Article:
On a sunny June day, golfers and celebrity-golfers alike took over the Eagles Nest Golf Club in support of the Children’s Aid Foundation. The annual Joe Carter Classic, founded by former Blue Jay Joe Carter, brings out big names from across the sports world, which this year included the likes of Damon Allen, Rod Black, Martin Brodeur, Wendel Clark, Doug Gilmour, Kelly Gruber, Joffrey Lupul, Trish Stratus, and Alan Thicke, amongst many others. Now in it’s fifth year, Carter has always been a major supporter of children’s charities that fund programs for at-risk youth.
“I’ve always been involved with helping children,” says Carter. “Way back when I was eight, nine, ten-years-old, I was doing things at home for my community and helping-out. And then when I got to the big leagues, I was a chairman at Ronald McDonald House, and saw the faces of the kids when you talk to them, when you raise some money for them — you give them hope, you make them feel important. And that put a smile on my face, and coming to Toronto with the Children’s Aid Foundation, I thought it was a perfect fit for this golf tournament because these are people who are abused and come from broken homes.”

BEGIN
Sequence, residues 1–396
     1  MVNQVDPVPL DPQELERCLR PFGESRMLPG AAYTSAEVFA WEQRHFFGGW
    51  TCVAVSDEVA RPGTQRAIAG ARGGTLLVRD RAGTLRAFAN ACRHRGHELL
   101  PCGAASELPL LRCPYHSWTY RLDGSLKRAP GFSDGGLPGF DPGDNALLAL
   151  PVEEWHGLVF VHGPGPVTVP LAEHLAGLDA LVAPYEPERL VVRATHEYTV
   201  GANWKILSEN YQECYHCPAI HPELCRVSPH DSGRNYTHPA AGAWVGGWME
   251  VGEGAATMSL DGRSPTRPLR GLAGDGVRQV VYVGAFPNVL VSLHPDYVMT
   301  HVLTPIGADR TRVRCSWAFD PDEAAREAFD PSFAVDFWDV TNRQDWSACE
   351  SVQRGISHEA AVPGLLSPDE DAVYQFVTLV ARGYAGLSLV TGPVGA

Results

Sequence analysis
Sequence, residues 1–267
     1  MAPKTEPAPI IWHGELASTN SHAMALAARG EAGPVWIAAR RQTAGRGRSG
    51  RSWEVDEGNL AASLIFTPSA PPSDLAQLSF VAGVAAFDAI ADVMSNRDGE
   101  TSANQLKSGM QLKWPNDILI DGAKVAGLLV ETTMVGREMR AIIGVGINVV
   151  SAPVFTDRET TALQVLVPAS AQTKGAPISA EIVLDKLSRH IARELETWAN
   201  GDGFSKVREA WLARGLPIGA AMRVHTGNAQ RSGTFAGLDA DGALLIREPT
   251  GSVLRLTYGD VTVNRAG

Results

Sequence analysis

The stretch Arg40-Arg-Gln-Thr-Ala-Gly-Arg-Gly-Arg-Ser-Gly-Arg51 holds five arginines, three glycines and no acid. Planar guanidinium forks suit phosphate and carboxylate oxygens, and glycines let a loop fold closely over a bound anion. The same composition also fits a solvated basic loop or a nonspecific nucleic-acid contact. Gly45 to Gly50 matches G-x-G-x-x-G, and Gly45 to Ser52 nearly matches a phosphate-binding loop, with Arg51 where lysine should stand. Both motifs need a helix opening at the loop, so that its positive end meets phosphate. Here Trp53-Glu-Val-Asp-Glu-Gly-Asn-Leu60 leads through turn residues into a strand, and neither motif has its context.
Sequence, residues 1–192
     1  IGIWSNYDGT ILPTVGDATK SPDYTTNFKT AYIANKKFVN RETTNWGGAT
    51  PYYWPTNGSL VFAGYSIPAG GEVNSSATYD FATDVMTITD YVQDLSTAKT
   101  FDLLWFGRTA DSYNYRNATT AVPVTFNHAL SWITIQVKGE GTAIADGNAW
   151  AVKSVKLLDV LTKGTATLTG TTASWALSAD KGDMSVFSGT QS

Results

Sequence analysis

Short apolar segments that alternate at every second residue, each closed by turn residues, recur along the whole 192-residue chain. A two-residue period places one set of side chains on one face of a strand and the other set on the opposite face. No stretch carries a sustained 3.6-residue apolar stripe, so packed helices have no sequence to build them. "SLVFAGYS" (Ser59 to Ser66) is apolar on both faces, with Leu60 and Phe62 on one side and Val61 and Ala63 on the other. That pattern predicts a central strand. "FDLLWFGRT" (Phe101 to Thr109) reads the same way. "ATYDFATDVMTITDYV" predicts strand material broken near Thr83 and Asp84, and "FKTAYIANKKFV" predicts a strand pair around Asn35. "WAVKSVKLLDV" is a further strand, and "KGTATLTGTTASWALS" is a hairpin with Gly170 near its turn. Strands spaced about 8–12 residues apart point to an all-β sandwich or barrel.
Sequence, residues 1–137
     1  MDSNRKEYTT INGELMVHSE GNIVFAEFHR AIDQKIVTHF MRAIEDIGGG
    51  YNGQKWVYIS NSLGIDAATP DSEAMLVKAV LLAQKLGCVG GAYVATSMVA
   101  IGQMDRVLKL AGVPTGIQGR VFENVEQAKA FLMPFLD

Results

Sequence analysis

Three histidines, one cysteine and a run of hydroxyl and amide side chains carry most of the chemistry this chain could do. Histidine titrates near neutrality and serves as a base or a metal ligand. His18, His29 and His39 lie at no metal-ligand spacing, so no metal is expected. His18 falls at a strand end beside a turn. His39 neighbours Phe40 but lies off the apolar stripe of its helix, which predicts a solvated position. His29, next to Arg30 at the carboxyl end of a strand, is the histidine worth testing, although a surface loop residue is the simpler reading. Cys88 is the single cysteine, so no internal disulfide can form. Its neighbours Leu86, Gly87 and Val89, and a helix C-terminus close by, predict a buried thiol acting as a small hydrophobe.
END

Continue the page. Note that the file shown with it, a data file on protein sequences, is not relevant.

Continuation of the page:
“When I was 18, I didn’t know what to do. I went away to college and had my parents backing me, they guided and mentored me. But when you have children who are abused and from broken homes, who don’t have that support system, where do they go?”
Sports broadcaster, Rod Black, also attended the Joe Carter Classic in support of the Foundation and Joe himself. “If you had to have a spokesperson for kids, Joe Carter would be the guy,” says Black. “As an athlete he was exceptional, but I think what makes him a better person and a champion is the stuff he does for kids. He understands the [work of] the Children’s Aid Foundation and that some kids need a push, need an incentive, need help at certain times. It breaks his heart to see kids that can’t get the things that he had or could give his kids, and I think that’s where it comes from: the heart. A lot of people just put their names on things and don’t really know about the charity; Joe Carter knows about this charity, Joe does this because he wants to help.”
Carter adds that the target age of funding recipients is 18-25, as they seem to be a largely forgotten demographic. “When I was 18, I didn’t know what to do. I went away to college and had my parents backing me, they guided and mentored me. But when you have children who are abused and from broken homes, who don’t have that support system, where do they go? That’s what this tournament has always been about, and that’s what it will continue to be about: helping these young men and women educate themselves from age 18-25 so that they can be not just a statistic, but help solve the problem and help others who are less fortunate and let them know: “I’ve been in your shoes, I’ve been there before, you can make it, you know why? Because I made it.”